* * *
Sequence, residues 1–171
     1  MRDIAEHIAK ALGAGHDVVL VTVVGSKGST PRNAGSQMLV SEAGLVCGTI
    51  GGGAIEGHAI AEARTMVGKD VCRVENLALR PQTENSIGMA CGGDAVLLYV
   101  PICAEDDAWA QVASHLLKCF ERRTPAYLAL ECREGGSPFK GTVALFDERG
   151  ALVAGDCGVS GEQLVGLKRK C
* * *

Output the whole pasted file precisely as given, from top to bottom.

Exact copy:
Sequence, residues 1–171
     1  MRDIAEHIAK ALGAGHDVVL VTVVGSKGST PRNAGSQMLV SEAGLVCGTI
    51  GGGAIEGHAI AEARTMVGKD VCRVENLALR PQTENSIGMA CGGDAVLLYV
   101  PICAEDDAWA QVASHLLKCF ERRTPAYLAL ECREGGSPFK GTVALFDERG
   151  ALVAGDCGVS GEQLVGLKRK C